The sculpture depicts the prow of a ship emerging from the stone wall behind it, with an eagle perched on its tip. The ship bears the figure of Columbia, who holds two raised torches and is flanked by the figures of a soldier and a sailor. Ahead of the ship are three hippocamps, partially submerged in the pool, two of which are mounted by mermen.
The limestone wall behind the fountain bears two bronze plaques. One is inscribed with "THESE SONS AND DAUGHTERS OF THE UNIVERSITY OF TEXAS GAVE THEIR LIVES TO THEIR COUNTRY IN THE WORLD WAR," followed by two columns of names listing all UT students and alumni killed in the Great War; the other reads "BREVIS A NATVRA NOBIS VITA DATA EST AT MEMORIA BENE REDDITAE VITAE SEMPITERNA" (Latin: "A short life hath been given by Nature unto man; but the remembrance of a life laid down in a good cause endureth forever").
Changes to Coppini's design
In Coppini's original design, the fountain was to be backed by a pair of colossal stone obelisks, representing the Confederacy and the Union. In front of the Confederacy's pylon he intended to place a statue of Jefferson Davis, faced on the Union's side by one of Woodrow Wilson. Coppini meant to present the men as two "war presidents," one governing the Confederacy through the Civil War, the other leading America through the Great War, with their juxtaposition symbolizing the reunification of the United States after the divisions of the Civil War. Littlefield also selected Confederate generals Robert E. Lee and Albert Sidney Johnston, Confederate postmaster general John Reagan, and Texas governor Jim Hogg to be depicted in bronze statues which would flank the fountain, representing historical figures of Texas and the South.
However, in the late 1920s the university regents decided to remove the obelisks from the plan, in part to reduce the memorial's cost (which had overrun Littlefield's donation), and in part to preserve the view of the university's Main Building along the South Mall. In 1930, the university's campus architect, Paul Cret, decided that the six bronze statues Coppini had meant to surround the fountain would instead be installed at various points along the South Mall, asserting that the figures would appear too crowded in the small space around the memorial. These alterations were vehemently opposed by Coppini, who felt that the omission of the obelisks ruined the symbolism he had intended, and that the disarrangement of the statues reduced them to mere decorations.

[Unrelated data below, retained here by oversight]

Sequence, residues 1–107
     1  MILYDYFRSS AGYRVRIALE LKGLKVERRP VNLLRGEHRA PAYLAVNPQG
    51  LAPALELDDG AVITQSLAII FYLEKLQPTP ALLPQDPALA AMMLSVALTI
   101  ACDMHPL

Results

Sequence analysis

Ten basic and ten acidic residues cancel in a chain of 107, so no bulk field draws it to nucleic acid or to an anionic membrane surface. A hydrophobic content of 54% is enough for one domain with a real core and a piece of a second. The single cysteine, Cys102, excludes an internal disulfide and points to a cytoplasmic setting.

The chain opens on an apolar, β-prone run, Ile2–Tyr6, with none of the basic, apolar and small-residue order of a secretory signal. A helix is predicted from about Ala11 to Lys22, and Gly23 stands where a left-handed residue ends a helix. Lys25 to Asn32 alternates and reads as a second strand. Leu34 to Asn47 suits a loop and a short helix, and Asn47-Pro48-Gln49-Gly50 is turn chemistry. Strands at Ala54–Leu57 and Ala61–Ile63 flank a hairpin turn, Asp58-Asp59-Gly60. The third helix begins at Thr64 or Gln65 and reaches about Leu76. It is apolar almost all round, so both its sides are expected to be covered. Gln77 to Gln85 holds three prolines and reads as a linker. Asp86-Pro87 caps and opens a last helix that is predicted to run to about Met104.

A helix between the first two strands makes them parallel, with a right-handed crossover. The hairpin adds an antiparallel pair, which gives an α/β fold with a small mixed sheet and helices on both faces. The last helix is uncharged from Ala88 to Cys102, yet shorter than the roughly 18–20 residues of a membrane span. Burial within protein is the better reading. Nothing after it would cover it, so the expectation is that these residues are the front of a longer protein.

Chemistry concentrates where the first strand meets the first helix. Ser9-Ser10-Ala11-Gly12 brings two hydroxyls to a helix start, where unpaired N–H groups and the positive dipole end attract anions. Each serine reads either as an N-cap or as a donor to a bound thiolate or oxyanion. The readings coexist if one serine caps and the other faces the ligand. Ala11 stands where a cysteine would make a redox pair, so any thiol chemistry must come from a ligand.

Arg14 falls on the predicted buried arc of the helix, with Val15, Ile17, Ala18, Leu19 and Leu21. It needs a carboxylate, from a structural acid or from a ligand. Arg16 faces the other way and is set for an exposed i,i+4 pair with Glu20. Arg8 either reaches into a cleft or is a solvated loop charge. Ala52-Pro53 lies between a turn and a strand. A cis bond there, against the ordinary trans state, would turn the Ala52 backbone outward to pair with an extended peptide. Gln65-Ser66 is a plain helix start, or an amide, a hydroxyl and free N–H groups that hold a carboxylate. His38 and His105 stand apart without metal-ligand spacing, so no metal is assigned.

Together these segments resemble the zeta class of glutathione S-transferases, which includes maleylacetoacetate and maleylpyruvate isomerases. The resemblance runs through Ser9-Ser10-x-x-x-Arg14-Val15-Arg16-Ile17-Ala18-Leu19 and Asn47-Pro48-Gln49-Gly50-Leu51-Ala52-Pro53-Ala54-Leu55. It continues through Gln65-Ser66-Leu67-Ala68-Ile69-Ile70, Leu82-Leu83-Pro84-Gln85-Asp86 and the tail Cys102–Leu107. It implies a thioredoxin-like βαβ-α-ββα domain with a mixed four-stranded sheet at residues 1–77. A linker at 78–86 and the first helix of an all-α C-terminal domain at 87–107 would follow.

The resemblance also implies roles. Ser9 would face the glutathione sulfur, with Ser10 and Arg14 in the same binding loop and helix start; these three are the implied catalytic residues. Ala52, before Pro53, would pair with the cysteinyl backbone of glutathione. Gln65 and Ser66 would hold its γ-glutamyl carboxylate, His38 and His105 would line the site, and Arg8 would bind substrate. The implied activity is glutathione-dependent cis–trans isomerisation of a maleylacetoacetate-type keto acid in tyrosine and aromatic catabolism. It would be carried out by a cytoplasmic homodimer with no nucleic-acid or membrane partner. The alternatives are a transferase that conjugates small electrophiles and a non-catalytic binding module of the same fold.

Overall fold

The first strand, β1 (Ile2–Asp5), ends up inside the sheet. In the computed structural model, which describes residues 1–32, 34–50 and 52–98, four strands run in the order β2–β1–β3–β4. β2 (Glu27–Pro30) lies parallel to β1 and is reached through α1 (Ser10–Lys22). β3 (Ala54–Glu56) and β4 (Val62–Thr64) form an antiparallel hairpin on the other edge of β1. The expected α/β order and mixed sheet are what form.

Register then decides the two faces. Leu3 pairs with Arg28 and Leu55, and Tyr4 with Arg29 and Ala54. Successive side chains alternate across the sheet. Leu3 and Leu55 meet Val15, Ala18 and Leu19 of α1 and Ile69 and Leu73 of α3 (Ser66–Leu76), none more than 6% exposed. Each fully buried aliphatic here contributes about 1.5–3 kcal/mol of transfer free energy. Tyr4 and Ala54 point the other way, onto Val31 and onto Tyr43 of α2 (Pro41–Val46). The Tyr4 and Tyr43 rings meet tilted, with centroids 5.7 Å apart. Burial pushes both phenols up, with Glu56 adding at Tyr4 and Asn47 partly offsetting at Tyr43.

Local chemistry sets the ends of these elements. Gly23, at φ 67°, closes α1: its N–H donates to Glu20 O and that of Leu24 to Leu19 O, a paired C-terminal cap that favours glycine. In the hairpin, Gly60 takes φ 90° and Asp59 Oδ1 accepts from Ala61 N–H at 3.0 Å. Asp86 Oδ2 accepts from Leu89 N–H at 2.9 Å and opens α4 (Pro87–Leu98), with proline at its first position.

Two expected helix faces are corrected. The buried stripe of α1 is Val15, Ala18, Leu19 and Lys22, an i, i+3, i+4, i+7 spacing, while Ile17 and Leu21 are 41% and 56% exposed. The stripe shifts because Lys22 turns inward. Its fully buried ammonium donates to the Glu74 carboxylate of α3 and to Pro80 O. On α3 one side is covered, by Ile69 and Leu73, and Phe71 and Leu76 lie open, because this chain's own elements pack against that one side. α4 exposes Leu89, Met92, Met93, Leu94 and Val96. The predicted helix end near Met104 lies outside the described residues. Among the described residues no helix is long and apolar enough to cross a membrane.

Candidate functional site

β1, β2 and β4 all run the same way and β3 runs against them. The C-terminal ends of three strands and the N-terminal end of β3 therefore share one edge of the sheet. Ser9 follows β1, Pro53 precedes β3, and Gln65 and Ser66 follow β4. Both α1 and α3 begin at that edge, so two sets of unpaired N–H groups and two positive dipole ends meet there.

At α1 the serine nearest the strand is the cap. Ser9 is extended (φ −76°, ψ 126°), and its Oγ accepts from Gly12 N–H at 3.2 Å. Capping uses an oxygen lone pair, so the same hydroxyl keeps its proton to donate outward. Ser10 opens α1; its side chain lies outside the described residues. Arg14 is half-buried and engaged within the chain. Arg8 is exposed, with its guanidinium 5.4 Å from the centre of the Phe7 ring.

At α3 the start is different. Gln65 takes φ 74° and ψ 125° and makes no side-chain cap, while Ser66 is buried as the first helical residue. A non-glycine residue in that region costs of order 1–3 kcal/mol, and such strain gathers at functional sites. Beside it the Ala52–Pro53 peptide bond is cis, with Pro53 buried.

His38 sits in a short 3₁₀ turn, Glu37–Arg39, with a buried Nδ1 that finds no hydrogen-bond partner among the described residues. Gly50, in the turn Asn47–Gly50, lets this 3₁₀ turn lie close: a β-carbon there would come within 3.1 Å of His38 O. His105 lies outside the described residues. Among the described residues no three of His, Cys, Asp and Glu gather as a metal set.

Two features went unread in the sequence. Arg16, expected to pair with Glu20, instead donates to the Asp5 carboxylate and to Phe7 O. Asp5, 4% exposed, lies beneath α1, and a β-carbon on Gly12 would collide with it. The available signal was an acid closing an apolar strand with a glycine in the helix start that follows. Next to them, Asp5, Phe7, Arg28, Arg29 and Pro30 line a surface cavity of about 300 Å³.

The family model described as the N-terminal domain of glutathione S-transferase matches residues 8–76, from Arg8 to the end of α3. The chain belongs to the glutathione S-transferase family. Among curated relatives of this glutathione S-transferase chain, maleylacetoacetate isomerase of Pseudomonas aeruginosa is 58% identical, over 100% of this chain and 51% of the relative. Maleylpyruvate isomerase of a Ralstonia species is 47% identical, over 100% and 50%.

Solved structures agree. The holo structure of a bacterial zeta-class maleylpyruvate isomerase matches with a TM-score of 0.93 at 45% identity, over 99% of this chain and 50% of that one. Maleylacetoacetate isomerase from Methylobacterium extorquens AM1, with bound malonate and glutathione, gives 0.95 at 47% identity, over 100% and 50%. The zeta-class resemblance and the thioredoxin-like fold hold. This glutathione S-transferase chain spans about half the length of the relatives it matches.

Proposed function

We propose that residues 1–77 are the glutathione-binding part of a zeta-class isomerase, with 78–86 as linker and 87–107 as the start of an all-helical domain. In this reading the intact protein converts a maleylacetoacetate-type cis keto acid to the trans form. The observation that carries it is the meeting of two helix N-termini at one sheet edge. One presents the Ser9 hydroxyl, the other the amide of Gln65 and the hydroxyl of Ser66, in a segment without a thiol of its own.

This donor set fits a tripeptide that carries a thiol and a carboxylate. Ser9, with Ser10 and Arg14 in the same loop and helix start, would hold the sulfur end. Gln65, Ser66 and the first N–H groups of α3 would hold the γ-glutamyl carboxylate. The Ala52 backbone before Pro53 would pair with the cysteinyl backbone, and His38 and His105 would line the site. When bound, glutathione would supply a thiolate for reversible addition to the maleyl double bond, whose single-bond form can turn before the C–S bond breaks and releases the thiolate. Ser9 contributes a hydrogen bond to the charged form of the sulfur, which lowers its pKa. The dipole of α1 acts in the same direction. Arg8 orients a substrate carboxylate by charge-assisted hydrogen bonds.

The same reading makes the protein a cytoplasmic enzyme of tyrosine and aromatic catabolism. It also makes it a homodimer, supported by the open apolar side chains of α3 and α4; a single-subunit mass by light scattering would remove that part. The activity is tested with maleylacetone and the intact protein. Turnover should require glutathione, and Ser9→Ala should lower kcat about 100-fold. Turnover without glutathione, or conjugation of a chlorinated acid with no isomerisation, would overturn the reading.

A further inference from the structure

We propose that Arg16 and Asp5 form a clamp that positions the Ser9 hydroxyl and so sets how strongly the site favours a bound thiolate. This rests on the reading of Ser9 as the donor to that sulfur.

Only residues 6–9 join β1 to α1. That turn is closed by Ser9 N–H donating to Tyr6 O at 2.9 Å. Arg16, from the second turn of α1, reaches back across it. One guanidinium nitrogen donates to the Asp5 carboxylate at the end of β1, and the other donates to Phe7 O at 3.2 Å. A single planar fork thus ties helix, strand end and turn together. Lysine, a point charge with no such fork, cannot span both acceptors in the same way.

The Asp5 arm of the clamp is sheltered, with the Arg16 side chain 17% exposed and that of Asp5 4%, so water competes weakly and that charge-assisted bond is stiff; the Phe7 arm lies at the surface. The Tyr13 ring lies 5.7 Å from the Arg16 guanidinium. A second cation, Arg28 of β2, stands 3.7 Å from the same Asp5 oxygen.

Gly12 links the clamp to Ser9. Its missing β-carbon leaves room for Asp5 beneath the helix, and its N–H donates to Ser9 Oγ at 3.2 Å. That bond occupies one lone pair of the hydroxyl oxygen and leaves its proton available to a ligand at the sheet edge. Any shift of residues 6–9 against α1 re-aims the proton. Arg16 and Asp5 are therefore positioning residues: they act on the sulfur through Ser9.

- Seale, Avrel (March 2007). "Southern Living: How to Start to End the Confederate Statue Controversy". The Alcalde. 95 (4). pp. 16–19. Retrieved December 2, 2017.
- Jim Nicar (May 2001). "Symbolism Amok". The Alcalde. Emmis Communications. 89 (5): 79. Retrieved November 29, 2017.
- "Littlefield Fountain, (sculpture)". Smithsonian Institution Research Information System. Retrieved November 28, 2017.
- Kenning, Chris (August 15, 2017). "Confederate Monuments Are Coming Down Across the United States". The New York Times. Retrieved November 29, 2017.
- McCann, Mac (May 29, 2015). "Written in Stone: History of racism lives on in UT monuments". The Austin Chronicle. Retrieved November 29, 2017.
- Haurwitz, Ralph K.M. (August 30, 2015). "Crews remove Jefferson Davis, Woodrow Wilson statues from UT Main Mall". Austin American-Statesman. Retrieved November 29, 2017.
- "Jefferson Davis statue returns to University of Texas". The Dallas Morning News. A. H. Belo. 7 April 2017. ISSN 1553-846X. Retrieved July 31, 2017.
- "Jefferson Davis is Back at UT". Texas Monthly. Austin, Texas. 17 April 2017. ISSN 0148-7736. Retrieved July 31, 2017.
- Haurwitz, Ralph K.M. (August 25, 2016). "UT removes Confederate inscription that it previously said would stay". Austin American-Statesman. Retrieved November 29, 2017.
- Haurwitz, Ralph K.M. (August 20, 2017). "UT removes Confederate statues from South Mall". Austin American-Statesman. Retrieved November 29, 2017.
- Bromwich, Jonah Engel (August 21, 2017). "University of Texas at Austin Removes Confederate Statues in Overnight Operation". The New York Times. Retrieved August 21, 2017.
Media related to Littlefield Fountain at Wikimedia Commons